Those interested in the future of utility-scale solar development in the U.S. will be keeping eyes and ears on a series of public hearings this week. The Environmental Protection Agency is holding four sessions on its proposed regulations for cutting carbon emissions at power plants, with three set for July 29-30 in Atlanta, Denver and Washington, D.C., and the fourth, July 31-Aug. 1 in Pittsburgh.
Meanwhile, the California Energy Commission will also be holding three-days of public hearings July 29-31, with the outcome possibly determining the fate of the 500-megawatt (MW) Palen solar project and, with it, the future of concentrated solar-tower plants in the U.S.
The EPA hearings are obviously the more high-profile events, with the proposed regulations drawing support from many solar groups for their intent to provide individual states with flexibility to cut their power plant emissions by building on existing energy efficiency and renewable energy policies.
As noted in the Solar Electric Power Association’s statement on the release of the proposed regulations in June, implementation of the plan could also open opportunities for new utility business models and service offerings aimed at putting more solar and other renewables on the grid.
The lists of speakers at many of the sessions seem to tilt toward voices from environmental groups, with lawmakers, utilities, and fossil fuel interests also represented, as well as trade associations and regional economic development groups.
Unfortunately, it appears that people interested in following the hearings will not be able to listen in either through an online live stream or by call-in. At least at this point, no information on connecting to any of the hearings by web or phone is available on the EPA website.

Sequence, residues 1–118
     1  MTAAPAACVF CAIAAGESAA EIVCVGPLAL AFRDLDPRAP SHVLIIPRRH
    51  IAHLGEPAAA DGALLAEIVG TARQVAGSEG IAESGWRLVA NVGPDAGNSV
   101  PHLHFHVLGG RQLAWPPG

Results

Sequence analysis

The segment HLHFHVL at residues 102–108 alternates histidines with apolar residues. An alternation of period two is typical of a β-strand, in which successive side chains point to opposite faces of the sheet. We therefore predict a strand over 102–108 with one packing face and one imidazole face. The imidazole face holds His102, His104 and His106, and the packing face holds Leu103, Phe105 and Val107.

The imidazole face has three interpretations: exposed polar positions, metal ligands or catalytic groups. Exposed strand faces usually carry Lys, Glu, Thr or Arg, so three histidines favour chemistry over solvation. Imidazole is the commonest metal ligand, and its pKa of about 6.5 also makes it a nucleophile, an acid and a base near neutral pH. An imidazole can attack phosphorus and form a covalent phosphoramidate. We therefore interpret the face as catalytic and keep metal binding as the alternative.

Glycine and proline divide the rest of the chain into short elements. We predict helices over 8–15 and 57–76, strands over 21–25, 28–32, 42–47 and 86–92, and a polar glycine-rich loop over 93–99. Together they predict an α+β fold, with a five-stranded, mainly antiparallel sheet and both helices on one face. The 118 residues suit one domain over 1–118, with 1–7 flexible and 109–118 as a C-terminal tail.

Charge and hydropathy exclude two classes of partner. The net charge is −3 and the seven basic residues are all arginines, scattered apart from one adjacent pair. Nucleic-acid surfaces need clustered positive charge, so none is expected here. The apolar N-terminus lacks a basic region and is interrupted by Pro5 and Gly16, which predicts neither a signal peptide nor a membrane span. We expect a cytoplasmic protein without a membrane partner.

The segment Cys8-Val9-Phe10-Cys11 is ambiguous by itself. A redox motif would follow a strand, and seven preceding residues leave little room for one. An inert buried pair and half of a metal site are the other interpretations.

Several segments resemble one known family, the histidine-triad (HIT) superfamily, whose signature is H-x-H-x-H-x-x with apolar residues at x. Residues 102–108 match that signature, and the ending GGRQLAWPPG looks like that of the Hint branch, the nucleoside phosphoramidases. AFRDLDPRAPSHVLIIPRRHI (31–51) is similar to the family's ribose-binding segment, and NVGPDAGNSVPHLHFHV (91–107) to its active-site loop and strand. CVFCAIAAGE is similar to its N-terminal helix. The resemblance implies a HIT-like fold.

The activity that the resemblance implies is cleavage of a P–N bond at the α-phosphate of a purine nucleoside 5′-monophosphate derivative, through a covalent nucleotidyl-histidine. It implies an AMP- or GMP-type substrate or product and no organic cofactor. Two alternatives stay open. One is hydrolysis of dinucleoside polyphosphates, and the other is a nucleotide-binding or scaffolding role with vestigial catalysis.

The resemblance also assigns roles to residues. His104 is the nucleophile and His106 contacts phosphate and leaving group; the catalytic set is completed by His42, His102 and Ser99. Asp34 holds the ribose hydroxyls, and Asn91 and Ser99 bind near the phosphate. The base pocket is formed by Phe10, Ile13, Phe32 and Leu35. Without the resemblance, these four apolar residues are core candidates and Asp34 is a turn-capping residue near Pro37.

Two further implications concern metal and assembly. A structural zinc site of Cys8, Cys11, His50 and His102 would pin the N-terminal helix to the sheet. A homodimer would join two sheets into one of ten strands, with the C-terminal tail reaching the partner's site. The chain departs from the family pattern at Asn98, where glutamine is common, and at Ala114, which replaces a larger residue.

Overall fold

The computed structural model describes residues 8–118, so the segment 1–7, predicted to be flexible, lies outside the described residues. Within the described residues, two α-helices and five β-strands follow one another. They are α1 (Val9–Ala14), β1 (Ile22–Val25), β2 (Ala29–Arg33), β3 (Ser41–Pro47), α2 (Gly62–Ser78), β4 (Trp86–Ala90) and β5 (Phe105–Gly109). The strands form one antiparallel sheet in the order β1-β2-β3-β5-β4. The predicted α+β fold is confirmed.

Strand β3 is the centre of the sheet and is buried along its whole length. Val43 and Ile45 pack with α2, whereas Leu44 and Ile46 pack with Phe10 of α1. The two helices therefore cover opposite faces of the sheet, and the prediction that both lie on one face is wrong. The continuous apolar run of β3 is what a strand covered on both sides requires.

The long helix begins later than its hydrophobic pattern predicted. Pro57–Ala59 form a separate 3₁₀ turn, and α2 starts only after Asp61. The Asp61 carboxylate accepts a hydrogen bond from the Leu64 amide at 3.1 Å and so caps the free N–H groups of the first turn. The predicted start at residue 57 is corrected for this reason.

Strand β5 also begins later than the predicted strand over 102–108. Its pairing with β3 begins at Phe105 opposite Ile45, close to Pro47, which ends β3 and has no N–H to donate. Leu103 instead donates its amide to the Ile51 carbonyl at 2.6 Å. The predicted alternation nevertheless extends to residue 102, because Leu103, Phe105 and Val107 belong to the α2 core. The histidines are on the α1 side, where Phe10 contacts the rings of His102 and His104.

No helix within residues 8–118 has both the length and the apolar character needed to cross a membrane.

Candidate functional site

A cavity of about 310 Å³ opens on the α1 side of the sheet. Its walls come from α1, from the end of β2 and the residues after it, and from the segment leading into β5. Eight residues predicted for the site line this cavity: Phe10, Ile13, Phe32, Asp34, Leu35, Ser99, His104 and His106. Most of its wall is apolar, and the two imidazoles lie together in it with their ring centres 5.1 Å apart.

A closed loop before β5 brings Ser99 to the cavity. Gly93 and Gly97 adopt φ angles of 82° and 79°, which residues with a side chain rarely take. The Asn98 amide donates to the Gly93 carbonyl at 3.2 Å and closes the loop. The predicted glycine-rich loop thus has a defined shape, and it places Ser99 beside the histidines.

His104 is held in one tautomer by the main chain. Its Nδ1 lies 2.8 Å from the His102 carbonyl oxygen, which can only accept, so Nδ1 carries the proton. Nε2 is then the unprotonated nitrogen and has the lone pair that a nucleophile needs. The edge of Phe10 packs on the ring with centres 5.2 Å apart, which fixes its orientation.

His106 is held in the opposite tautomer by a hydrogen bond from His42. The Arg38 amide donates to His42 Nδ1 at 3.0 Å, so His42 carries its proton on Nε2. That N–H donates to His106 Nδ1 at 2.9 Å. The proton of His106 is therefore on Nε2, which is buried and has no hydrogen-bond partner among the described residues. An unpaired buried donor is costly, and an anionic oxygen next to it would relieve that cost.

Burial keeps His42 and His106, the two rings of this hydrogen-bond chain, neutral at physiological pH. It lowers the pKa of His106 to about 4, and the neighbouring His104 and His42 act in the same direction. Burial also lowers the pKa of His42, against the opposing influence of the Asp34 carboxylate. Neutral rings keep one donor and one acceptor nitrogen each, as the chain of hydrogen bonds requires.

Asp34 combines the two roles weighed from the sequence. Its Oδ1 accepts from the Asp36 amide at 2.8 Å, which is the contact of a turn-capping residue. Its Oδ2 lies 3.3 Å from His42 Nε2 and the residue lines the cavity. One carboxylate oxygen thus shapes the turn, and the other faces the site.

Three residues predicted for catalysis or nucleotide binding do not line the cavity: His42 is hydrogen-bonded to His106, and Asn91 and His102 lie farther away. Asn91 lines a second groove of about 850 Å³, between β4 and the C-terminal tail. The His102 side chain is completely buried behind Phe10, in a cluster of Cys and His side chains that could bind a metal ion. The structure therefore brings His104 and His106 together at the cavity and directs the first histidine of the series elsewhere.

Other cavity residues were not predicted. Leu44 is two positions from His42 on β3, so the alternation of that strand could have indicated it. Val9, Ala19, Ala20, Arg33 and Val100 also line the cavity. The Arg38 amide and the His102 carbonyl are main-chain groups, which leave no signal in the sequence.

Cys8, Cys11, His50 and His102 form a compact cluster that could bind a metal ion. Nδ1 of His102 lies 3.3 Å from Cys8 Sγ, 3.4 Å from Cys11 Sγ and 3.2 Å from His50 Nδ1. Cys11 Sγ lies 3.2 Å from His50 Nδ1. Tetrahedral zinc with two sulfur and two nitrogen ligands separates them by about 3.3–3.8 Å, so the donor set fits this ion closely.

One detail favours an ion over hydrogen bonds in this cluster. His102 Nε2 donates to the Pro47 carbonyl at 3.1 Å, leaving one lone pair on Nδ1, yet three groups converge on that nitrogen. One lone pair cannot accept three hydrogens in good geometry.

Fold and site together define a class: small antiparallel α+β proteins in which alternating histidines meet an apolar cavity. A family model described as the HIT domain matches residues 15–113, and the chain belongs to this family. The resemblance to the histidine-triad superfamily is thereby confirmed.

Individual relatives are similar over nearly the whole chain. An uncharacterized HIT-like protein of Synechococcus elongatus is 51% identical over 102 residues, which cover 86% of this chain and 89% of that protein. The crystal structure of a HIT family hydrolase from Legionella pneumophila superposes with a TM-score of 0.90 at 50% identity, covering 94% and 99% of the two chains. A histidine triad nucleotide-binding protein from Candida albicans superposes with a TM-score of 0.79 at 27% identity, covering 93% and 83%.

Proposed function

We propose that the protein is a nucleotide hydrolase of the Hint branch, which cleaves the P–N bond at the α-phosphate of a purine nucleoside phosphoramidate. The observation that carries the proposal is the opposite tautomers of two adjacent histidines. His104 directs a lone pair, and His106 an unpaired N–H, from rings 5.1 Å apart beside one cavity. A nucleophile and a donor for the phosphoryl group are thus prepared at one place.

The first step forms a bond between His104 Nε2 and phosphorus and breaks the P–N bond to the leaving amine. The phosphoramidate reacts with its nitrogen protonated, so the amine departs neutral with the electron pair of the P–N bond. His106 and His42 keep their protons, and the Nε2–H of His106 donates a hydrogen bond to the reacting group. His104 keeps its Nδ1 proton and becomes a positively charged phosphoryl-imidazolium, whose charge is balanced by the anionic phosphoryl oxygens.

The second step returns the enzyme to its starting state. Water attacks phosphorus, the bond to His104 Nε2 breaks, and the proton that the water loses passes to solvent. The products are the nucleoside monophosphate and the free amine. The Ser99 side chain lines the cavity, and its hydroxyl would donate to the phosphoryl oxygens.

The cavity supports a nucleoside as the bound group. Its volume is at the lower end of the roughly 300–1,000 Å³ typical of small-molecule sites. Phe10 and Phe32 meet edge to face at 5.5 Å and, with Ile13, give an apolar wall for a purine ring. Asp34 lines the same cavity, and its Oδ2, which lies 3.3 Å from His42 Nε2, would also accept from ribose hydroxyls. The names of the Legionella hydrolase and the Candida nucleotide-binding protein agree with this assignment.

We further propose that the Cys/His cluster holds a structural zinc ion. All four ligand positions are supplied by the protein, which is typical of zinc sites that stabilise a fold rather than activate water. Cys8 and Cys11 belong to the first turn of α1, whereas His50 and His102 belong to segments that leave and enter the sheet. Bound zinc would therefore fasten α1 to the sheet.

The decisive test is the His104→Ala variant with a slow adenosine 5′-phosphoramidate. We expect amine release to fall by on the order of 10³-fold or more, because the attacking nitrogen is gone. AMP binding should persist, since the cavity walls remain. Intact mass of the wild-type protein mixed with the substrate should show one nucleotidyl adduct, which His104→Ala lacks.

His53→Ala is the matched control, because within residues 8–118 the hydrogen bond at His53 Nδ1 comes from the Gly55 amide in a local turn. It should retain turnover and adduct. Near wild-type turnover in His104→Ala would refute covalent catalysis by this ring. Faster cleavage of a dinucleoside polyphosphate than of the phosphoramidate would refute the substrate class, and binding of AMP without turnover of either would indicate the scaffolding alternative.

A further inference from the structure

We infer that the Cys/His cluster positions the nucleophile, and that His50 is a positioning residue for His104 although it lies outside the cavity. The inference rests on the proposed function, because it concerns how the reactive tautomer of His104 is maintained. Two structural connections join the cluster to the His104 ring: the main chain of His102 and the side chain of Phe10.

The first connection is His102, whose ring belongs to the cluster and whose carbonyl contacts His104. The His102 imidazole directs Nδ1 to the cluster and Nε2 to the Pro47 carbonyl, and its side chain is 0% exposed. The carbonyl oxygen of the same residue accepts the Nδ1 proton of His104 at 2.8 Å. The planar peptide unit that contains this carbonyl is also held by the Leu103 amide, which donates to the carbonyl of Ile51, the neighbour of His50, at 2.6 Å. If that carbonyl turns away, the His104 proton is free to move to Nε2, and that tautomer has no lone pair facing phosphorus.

On the plus side, you can dive into the 5,228 comments — out of a total of more than 300,000 received to date — that have been posted so far on the EPA’s Regulations.gov website. (Go to Regulations.gov, search on the docket number EPA-HQ-OAR-2013-0602, open the docket folder and then scroll down to comments.)
Online and phone-in access will be available for the Palen hearings, to be held in the small town of Blythe, located near the California-Arizona border, about 40 miles east of the 3,800 acres of public land where the project’s two 750-foot solar towers and 170,000 reflecting mirrors would be located.
Palen has been stalled since December, when Commissioner Karen Douglas issued a preliminary decision recommending the project as proposed be denied. In a recent filing, project developers BrightSource Energy and Abengoa Solar admitted that the delays have made it unlikely they will be able to get one of the towers online in time to meet the terms of one of its two power purchase contracts with Southern California Edison.
The two companies maintain they are still committed to building both towers and, in the filing, envision the second unit being built at some undesignated point in the future, with energy storage. The lack of storage in the original plans for Palen was one of the points Douglas raised in her proposed denial.
The question now is whether these changes will be enough to swing the commission toward the project. On July 28, less than 24 hours before the hearings were set to begin, Energy Commission staff issued a statement reversing their previous recommendation to deny the repermit and instead taking a neutral stand.